----- The latest research, polls, and tools -----

    Customer View
    Learn how more than 600 network-equipment customers rated four vendors in InformationWeek Research's Analyzing The Networking Vendors report. Vendor profiles cover Cisco, Hewlett-Packard, 3Com, and Nortel. Use this report to evaluate current and future network-equipment providers and to benchmark your organization's networking plans for 2006.

    New From InformationWeek: Get Your News In A Flash--Literally
    InformationWeek.com's latest service is automated E-mail news flashes. You pick the topic and the frequency (real time, daily, or weekly), and we'll do the rest. Sign up by following the link below and be one of the first to take advantage of this latest service.

    Win A Dell Flat-Screen 32-Inch LCD TV!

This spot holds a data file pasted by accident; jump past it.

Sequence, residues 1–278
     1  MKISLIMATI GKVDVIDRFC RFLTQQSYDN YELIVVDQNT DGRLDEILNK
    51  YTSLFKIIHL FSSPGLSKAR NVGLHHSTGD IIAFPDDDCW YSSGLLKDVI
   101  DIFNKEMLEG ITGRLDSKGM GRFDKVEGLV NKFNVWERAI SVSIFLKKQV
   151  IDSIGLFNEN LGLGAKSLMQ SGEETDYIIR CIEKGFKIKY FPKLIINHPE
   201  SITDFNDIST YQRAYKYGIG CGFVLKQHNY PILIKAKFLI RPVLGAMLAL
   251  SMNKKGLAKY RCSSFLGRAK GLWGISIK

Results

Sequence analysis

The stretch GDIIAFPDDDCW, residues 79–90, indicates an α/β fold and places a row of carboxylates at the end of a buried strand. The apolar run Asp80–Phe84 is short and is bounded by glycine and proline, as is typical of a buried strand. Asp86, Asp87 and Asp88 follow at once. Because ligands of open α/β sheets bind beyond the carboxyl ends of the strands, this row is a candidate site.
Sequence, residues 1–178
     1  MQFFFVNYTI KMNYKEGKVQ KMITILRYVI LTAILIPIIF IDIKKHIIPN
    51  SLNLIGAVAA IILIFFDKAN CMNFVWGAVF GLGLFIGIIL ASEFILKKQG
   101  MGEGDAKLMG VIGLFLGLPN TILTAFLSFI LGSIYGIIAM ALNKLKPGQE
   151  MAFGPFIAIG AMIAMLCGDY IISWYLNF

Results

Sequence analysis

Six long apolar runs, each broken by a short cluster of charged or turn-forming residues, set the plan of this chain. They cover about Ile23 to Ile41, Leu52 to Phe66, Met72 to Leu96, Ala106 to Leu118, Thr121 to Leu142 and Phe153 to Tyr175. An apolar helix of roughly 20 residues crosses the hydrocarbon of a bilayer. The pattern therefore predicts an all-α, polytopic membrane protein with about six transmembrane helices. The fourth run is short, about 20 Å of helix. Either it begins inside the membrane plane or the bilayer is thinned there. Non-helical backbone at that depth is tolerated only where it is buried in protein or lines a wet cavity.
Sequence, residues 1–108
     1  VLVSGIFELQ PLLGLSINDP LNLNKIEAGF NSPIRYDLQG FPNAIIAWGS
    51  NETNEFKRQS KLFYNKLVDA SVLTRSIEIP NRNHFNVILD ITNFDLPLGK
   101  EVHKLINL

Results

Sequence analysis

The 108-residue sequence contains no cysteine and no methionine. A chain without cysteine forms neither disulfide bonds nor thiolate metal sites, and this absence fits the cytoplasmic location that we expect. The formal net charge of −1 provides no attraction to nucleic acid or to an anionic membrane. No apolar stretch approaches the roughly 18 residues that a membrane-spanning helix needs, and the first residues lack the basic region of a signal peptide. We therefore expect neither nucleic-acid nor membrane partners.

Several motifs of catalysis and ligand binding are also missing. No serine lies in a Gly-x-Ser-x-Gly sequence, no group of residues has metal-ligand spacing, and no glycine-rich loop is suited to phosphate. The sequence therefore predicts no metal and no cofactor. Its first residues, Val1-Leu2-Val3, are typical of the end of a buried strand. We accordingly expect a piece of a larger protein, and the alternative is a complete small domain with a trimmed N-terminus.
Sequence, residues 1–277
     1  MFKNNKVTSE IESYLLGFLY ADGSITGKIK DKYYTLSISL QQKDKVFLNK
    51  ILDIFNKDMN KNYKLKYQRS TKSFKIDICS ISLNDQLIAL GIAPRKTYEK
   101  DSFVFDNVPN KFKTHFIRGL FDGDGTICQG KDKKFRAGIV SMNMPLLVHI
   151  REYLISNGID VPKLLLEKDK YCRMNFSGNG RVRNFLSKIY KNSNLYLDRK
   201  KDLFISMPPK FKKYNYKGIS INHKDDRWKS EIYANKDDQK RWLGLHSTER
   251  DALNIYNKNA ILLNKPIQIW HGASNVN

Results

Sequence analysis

Play The Great Scavenger Hunt contest! Here's how it works: Every week in January, we'll post five tech-related questions. Answer at least two correctly, and you'll enter the drawing for an Apple 4-Gbyte iPod nano, as well as the grand-prize drawing for the Dell flat-screen 32-inch LCD TV! Don't miss out on the fun, the prizes, and the cheap laughs that come with The Great Scavenger Hunt!

    -----------------------------------------


    5. In Depth: Consumer Electronics Cornucopia

    Annual Gadget Show Is Biggest Ever
    At this week's Consumer Electronics Show, attendees will be able to check out the latest wares from 2,800 vendors and will consume 28 football fields worth of space. Yahoo and Google will be there, as will others vying to be the most popular portal for video and other new types of content.

    AMD Targets Digital Home With New Computers
    New desktops and notebooks will work with cable-TV set-top boxes and provide computing capabilities needed to enjoy digital photography, audio, and video on a television set using a remote control.

    Look Who's Talking At CES